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The woes of the imac pro



Package management? Drag/drop complete applications? Unless it installs kernel extensions (in which case, run the installer) - applications are self contained bundles. Run them from wherever the hell you like. Want to move it off your system and onto an external drive or run from the network? Just move the icon… done. Package management is a broken idea for platforms that are doing it wrong pretty much.

The frameworks are massively ahead of windows or linux, which means better applications. things like folder actions, the fact that there’s never a need to refresh because displayed data is kept up to date, the resolution independence that actually works.

Aqua doesn’t even rate a mention. Much of the cool stuff has been in macOS since NEXT… and there’s still a reasonable unix underneath it all.

I hate windows and Linux is a complete pain in the ass as a desktop platform.

macOS for me is worth paying for to get off windows and onto a unix with a user interface and applications that aren’t garbage.

If you haven’t spent much time with macOS though i get it. It takes at least a week or so to get your head around because if you’re conditioned to the windows or linux way of having to screw around to make things happen, the lack of doing so on the mac seems… odd (e.g., the package management example above). I truly believe far too many people try macOS for 10-15 minutes, freak out, consider it wierd and “Crap”. After devoting many years of their life to figuring out how to work with Windows.


I mean, no? Don’t make machines that you aren’t going to try and mend if you don’t train your repair staff / make something that won’t break just by looking at it.

Yeah if you get passed level one maintenance. I ended up with an engineer at some point that works with iOS. When I had problems with my iphone and found bugcs I called dusty and logged them to him and he’d call me back and tell me how to get around it until a patch was out. Thats pretty good customer service but its not that way out of the gate.

Well calling apple you normally get someone from the US because the only outsourcing they do is to china. It’d be cool to get someone from foxconn though. Interesting.

And yeah, most company support is ass. Its why I try to document as much stuff as I can and basically write manuals where companies fail to have any support that makes sense.

Asus also actually gives a fuck. They don’t want to roll with the punches and be lazy they just want to make money without public outcry. So, to do that, they have to be user first. Works out for everyone.


Yes and then you have 8000 installations of java that are all the same java. I’m talking that I need to install brew or macports to get the tools I need. I can’t just ~download a package~ to get analytics software that I use in linux or BSD. I can’t get any of the software I’d rather use and not have to belt out 800 bucks for.

I… What are you smoking? Yeah glibc is a bit out of date, but thats where stuff like MUSL comes in to replace it. And app frameworks get updated all the bloody time.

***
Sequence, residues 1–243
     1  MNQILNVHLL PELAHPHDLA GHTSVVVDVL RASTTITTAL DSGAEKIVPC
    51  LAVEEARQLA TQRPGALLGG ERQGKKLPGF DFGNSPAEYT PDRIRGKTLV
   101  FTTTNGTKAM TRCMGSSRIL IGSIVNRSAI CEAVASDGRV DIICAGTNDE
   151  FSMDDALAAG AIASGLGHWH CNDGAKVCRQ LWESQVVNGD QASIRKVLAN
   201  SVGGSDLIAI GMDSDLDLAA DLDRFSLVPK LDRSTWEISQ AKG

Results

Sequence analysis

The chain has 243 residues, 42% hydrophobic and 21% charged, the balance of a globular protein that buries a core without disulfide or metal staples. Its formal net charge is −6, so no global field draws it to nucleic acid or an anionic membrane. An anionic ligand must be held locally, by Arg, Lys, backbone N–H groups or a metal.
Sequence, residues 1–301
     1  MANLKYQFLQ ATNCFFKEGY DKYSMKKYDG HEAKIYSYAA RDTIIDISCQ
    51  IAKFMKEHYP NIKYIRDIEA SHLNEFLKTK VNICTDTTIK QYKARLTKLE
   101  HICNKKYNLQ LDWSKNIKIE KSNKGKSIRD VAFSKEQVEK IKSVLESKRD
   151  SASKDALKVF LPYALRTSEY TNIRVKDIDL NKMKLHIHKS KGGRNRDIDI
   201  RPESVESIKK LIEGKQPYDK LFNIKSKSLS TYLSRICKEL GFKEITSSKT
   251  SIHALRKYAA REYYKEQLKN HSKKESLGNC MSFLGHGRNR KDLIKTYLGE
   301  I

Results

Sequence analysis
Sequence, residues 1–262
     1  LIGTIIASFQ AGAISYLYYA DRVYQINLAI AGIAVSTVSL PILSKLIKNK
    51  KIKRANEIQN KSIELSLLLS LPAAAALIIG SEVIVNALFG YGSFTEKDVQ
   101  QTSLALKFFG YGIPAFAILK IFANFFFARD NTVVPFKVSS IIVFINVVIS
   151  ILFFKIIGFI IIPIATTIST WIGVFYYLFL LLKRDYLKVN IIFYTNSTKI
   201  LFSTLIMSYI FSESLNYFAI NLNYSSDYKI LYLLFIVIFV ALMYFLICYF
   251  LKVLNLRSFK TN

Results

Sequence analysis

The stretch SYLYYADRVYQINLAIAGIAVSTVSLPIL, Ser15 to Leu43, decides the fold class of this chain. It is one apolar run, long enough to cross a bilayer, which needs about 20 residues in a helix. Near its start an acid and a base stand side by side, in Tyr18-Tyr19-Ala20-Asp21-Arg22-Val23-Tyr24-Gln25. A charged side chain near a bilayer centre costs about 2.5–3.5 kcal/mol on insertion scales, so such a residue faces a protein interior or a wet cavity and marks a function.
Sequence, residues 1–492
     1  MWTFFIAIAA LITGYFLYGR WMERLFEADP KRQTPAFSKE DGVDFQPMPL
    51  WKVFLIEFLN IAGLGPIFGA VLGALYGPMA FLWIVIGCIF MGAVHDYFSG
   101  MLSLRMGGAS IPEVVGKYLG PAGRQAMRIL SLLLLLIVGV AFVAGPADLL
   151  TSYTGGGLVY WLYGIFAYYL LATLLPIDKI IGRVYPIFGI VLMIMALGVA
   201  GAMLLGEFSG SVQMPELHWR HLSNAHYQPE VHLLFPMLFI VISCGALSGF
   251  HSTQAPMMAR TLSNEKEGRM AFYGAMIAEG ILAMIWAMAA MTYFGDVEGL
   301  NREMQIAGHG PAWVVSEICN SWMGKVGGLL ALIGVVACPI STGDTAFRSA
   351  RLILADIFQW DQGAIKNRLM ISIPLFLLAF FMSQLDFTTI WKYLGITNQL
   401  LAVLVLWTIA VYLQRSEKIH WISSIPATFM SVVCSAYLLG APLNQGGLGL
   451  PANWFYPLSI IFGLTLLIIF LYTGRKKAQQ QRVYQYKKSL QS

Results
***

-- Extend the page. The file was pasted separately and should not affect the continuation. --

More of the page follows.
You disappoint me. Aqua is by far the best DE.

Well then you’re obviously doing something wrong. Used it every day for 10 years.

And I’m not going to have a dick fight about it, your workflow is just a lot different to mine is all.

Except you don’t own it, you basically rent it. And to get any real unix work out of it you have to hack the shit out of it, which I’m not opposed to (I’ve done that to every OSX machine I’ve gotten over the last 4 years), but it gets tiring having to reset my ports install every 4 months when the repo list is out of whack. At least in ubuntu or void I know how to edit that shit and where everything is. OSX you have like 8 folders labeled “Library” or “System” with “CoreComponentXYZ” inside.

Well as an all-os user, I can say it takes about as much fucking around to get OSX set up the way I want as it does to set up windows the way I want. On top of that the workflow is really out of whack for me. I like Chris Fishers description. Final Cut OS.

Well I’ve used it for four years now on many different machines. 10.5.8 is by far my favorite rendition as everything works like it should. My 2005 iBook is probably my favorite mac. But when 10.9 decides to rip out a lot of openGL features that I use a lot, or 10.11 doesn’t let me capture sound without sunshine or wallflower or whatever retarded thing it was, and 10.13 physically performs WORSE than 10.12 when rendering 4K footage… I start to question shit. You should to. OSX is extremely useful as… A soundboard. Or an image processor. Or a handbrake machine. Set up once, update, belt the work through. Its a solid OS for that sorta stuff man. But for a hacker? I mean if you’re a hacker to just hack at stuff its a great rubix cube. But the moment you want it to do something not even remotely the apple way, nope. Does not compute unless you hack the shit out of it.

Wine doesn’t even work as well as I would think it should, and its just fucking wine.

Good to have more mac users on the forum though. And I welcome you excitedly. Don’t mind the odd question here and there though.


No, you don’t. You install java much like you would on windows. I have a single install of java that I use for like 1-2 tools. That updates just like it does on windows.

The applications rely on the included libraries in the OS, they aren’t fully self contained. But they are self contained enough that all of the related data and code specific to that app is self contained.

You’re talking about crap third party package management, not problems inherent to macOS.

On the flipside, there’s nothing on Linux that can even compete with say, iMovie or Garageband, let alone the professional offerings. even cheap stuff like Affinity Photo or Affinity Designer.

If you were shifting platform from Windows you’d be complaining that Linux doesn’t run your existing software. If you were switching from Linux to Windows you’d have a similar complaint.